It’s funny, when you tell people there is a Stepmom’s day, they look at you like you’re making it up, like you’re delusional — even though people are more than happy to commemorate National Hot Dog Day on Instagram. But yes, since July 2000, when a 9-year-old girl in Pennsylvania wrote to her representative to make it official, Stepmother’s Day has been observed the Sunday after Mother’s Day. When I saw Naja Hall, founder of Blended and Black, post about Stepmother’s Day back in 2018, I’d had a couple of crappy and awkward Mother’s Days by then. People didn’t know if they should acknowledge me or not. I didn’t know either.
Now, I celebrate the Sunday after Mother’s Day, with my stepdaughter, Louise, and it takes the pressure off of her from having to call me on Mother’s Day. On Mother’s day now, I receive some beautiful texts from friends, and I focus on my own mom, while Louise does something with hers. Then, on Stepmom’s day, we do our own thing.
So this year when Louise asked what I wanted to do for "stepmommy’s day," as she calls it, I said I wanted to revisit a classic. I've been reliving the ‘90s through her, cherishing showing my 10-year-old stepdaughter to iconic singer-songwriters like Jewel and Alanis Morrisette. After I blasted them, she turned to me and said, “‘90s music is really cool.” ‘90s movies are also cool and stepmothers were a recurring theme. There was 1991's My Girl, with Jamie Lee Curtis telling Veda you can never have too much blue eyeshadow, and 1994's Corrina, Corrina, with Whoopi Goldberg singing “Pennies From Heaven” in the pool with 6-year-old Tina Majorino. But those characters both became stepparents through death, not divorce. There is only one Stepmom, starring Julia Roberts and Susan Sarandon, and it came out in 1998, when I was 12 years old and an excellent target.
The movie came up last weekend at a small birthday party, where three out of seven of us were stepparents. “Stepmom is a perfect movie and should have won the Academy Award that year,” declared one of my friends, Ariana, an actress and also a stepparent.
I said I loved the movie but noted that people complained how it pitted two women against each other, and pointed out that it took one of them dying for the biological mom and stepmom to actually respect and get along with each other. But still, yes. Stepmom is a perfect movie and should have won the Academy Award.
Though some of the best memories of my life are dancing in the living room with my mom as a kid, singing and sharing lipstick with a stepmom who comes into your life uninvited moves me more. It’s unexpected. Touching. You have to work for it.
There are two scenes in Stepmom that hit my heart: the first one is when Julia Roberts (the stepmom) is driving the kids in her Jeep from New York City on transition day to their mom’s, upstate. Julia Roberts, a chic photographer, is in all black and a bucket hat, pulls out a lipstick. The East coast foliage is peaking. Her stepdaughter side-eyes her applying lipstick, and “Ain’t No Mountain High Enough” begins playing either on the radio or the CD player. Julia wordlessly passes the lipstick to her stepdaughter who smiles, flips the car mirror down and applies it while singing along with the song. Julia joins in singing. In the backseat, the little brother, observantly eyes what’s happening — his sister putting on lipstick, the bonding and subtle moment. The three of them begin belting the song together. It’s one of the only moments in the film you see the three of them alone and enjoying each other.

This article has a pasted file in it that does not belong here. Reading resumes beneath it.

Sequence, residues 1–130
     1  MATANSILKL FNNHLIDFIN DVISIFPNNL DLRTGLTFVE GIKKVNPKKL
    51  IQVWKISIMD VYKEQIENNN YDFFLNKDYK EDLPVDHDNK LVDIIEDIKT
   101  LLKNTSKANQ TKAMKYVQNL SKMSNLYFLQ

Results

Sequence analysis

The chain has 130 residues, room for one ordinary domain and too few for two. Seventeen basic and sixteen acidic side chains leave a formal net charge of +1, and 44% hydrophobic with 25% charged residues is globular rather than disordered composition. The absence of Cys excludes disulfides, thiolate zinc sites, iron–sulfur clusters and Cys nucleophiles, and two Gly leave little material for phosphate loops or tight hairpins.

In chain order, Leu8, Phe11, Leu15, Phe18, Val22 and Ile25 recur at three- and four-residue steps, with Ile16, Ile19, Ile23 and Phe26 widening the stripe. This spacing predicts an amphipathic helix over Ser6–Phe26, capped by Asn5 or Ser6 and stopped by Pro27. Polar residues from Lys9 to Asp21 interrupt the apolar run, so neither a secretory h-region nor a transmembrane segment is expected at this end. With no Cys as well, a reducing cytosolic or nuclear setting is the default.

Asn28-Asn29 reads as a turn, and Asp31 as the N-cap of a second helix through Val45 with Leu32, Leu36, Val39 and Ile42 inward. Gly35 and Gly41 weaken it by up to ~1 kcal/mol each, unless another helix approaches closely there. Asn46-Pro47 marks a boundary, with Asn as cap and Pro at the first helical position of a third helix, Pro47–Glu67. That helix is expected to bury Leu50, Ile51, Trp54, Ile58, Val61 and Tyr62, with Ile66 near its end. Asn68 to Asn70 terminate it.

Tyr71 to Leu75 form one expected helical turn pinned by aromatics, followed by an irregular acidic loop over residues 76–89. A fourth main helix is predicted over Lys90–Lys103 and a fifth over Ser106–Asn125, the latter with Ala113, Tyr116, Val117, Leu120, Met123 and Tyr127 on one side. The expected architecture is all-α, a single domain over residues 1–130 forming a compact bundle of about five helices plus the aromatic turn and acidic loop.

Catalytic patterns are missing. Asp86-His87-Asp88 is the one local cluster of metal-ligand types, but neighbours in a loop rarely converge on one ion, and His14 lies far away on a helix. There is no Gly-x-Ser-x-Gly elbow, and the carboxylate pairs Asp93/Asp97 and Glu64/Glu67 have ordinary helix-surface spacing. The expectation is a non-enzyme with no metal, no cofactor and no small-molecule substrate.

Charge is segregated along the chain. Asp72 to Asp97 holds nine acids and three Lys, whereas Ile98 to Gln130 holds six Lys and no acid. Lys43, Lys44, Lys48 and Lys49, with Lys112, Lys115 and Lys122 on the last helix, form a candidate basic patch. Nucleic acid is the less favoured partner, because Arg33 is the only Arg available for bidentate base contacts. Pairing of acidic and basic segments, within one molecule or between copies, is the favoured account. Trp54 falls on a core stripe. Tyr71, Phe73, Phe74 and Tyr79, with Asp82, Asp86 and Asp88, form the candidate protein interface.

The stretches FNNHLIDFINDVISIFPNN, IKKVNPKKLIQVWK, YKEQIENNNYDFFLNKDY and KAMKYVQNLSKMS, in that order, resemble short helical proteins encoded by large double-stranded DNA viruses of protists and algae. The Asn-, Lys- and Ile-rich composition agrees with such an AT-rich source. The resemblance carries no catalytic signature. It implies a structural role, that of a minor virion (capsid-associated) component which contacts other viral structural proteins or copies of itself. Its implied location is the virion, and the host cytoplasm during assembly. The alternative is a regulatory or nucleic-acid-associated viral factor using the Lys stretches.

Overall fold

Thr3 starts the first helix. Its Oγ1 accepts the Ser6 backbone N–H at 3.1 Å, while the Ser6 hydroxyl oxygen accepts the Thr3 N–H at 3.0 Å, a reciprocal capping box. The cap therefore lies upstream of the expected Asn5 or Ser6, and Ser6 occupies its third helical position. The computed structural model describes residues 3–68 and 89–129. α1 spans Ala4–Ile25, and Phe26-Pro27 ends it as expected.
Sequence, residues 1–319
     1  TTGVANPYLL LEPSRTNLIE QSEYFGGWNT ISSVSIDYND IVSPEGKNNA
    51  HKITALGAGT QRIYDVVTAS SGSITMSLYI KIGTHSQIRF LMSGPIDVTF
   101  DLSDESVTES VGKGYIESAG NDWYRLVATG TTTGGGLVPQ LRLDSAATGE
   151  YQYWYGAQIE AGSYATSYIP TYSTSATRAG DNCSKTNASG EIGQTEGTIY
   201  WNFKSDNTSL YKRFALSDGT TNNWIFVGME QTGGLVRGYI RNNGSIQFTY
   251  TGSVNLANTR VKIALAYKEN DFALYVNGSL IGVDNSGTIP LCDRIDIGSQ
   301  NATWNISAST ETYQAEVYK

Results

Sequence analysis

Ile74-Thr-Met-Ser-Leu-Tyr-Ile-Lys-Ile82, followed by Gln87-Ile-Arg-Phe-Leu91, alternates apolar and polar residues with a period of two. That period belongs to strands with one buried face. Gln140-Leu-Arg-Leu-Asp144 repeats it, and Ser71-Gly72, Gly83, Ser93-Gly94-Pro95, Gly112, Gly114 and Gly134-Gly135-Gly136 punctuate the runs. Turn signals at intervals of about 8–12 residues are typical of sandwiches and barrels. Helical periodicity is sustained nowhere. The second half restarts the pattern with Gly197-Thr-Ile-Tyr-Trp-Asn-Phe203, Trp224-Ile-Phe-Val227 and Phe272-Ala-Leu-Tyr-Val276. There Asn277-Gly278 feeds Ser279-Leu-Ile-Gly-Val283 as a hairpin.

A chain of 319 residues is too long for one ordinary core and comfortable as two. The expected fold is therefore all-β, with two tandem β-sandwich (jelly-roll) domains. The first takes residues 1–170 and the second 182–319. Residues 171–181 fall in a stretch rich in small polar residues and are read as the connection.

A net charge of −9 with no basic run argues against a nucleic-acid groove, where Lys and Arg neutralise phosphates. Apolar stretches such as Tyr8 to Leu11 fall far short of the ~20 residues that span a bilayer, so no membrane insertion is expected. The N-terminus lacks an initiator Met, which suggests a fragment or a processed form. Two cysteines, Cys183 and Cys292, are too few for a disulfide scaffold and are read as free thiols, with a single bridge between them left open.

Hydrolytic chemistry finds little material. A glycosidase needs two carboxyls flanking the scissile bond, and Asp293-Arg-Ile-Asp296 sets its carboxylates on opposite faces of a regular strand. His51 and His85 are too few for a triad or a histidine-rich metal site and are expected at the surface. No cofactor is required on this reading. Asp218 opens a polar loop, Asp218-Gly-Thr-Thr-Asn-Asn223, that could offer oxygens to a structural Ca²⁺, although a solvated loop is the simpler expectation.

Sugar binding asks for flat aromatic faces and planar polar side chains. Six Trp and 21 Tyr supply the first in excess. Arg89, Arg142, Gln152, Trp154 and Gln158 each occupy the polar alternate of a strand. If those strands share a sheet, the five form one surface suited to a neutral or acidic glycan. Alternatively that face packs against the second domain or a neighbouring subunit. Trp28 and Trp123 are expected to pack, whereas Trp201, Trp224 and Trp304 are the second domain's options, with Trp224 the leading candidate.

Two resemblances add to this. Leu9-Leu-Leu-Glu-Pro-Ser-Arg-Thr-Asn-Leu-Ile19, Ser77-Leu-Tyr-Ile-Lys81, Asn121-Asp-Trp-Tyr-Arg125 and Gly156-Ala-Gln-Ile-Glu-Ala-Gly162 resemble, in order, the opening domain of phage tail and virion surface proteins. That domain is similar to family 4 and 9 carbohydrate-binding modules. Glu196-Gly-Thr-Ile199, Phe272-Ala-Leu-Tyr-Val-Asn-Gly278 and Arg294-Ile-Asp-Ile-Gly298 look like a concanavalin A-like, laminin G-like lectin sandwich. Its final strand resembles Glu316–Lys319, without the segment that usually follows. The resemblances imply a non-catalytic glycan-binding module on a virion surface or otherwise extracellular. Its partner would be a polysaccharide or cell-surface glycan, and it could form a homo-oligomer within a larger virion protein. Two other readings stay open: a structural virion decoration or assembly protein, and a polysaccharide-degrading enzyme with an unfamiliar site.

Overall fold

The song reappears later in the movie after Susan Sarandon announces to the family she has cancer. She and her kids are in their pajama sets and are using cordless phones and hairbrushes as microphones. They dance around the house and it is charming as hell, but I’m partial to the stepmom Jeep scene (I also can't help but note that the singing scene with the stepmom has 236,327 views on YouTube, compared to the singing scene with bio mom, which has 1.7 million.).
Though some of the best memories of my life are dancing in the living room with my mom as a kid, singing and sharing lipstick with a stepmom who comes into your life uninvited moves me more. It’s unexpected. Touching. You have to work for it. It’s hard-won. But in “Stepmom” we're able to have empathy for each character once we know more about them, from their own perspective, by the end.
It was Louise who once told me there aren’t only two sides to every story, there are many more.
We forget how influential those 90s movies were on us until we rewatch them. Example: I thought the way to be a woman was to wear all black and be a stepmom like Julia Roberts, and here I am. It was Louise who once told me there aren’t only two sides to every story, there are many more. She has two sets of parents, four perspectives, plus her own perspective, plus her stepsister’s perspective and her step-sister's biological mom’s perspective. You do the math.